American Heritage® Dictionary of the English Language, Fourth Edition
- v. To lift forcefully from beneath; heave upward.
- v. To be lifted or thrust upward.
Century Dictionary and Cyclopedia
- To heave or lift up; raise up or aloft.
- To be lifted up; rise.
- v. transitive To heave or lift up; raise up or aloft.
- v. transitive To lift or thrust something upward forcefully, or be similarly lifted or thrust upward.
- v. intransitive To be lifted up; rise.
GNU Webster's 1913
- v. To heave or lift up from beneath; to raise.
- v. lift forcefully from beneath
- From Middle English upheven, from Old English ūphebban, ūpāhebban ("to lift up, raise up, exalt, rise in the air, fly"), equivalent to up- + heave. Cognate with Dutch opheffen ("to lift, raise"), German aufheben ("to lift, raise, cancel, repeal"). (Wiktionary)
“In addition, by applying its algorithmic, datacentric approach to economics, Google had quietly begun a revolution that would transform and upheave the worlds of media and advertising.”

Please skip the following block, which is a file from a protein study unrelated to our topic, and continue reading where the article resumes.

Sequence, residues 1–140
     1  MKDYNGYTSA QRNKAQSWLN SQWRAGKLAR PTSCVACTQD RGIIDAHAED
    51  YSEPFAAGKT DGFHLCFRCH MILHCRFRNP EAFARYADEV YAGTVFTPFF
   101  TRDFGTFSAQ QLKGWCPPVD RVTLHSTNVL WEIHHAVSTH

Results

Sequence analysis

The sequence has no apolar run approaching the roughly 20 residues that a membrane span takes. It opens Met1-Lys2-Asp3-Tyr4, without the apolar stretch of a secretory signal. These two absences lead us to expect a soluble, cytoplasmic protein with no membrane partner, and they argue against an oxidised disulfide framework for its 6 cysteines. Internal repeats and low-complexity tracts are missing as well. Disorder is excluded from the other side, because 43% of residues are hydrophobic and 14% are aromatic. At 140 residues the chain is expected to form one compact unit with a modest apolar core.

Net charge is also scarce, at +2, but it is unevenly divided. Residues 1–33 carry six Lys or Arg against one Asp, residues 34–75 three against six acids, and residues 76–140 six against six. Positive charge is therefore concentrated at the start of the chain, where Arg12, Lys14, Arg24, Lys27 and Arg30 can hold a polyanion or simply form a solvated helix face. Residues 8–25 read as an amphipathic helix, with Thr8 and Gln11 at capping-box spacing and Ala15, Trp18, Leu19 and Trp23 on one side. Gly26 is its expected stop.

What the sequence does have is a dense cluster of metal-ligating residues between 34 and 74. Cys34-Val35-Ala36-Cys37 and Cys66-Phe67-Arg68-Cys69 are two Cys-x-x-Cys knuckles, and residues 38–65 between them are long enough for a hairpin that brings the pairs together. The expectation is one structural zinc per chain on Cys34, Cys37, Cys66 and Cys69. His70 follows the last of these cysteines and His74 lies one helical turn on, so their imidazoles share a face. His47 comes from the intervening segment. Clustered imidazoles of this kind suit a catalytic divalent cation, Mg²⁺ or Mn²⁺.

“[T] here are many examples of the sublime which are independent of passion, such as the daring words of Homer with regard to the Aloadae, to take one out of numberless instances, "Yea, Ossa in fury they strove to upheave on Olympus on high,/With forest-clad Pelion above, that thence they might step to the sky.”
“And trafficking of the world, upheave existing institutions, and overturn all the social relations of life.”
“It shows there canât be any snow in Rome because otherwise it would buckle and upheave the street, it shows this, it shows that.”
“I bought a pc a couple of years back that had “upheave to USB” on the door covering the USB ports. —”
“And your hesitant heart flutters, not wanting to upheave.”
“In this case, when I have really needed to mobilize myself in times of challenge or fear, I have found myself repeating "Your hesitant heart flutters, not wanting to upheave.”
“Putin delivers these and after the Gorbi angst all for the better but angst and upheave he has restored order that we might not like or understand but they do.”
“With its aura of chintzy opulence, The Best of Everything catches exactly the last seconds of the 50's, when America's self-confidence had gone a bit off and words like "integration" and "blue jean" are about to upheave the lot.”
“Therefore a time would come when the elastic and explosive forces of the imprisoned gases would upheave this ponderous cover and drive out for themselves openings through tall chimneys.”
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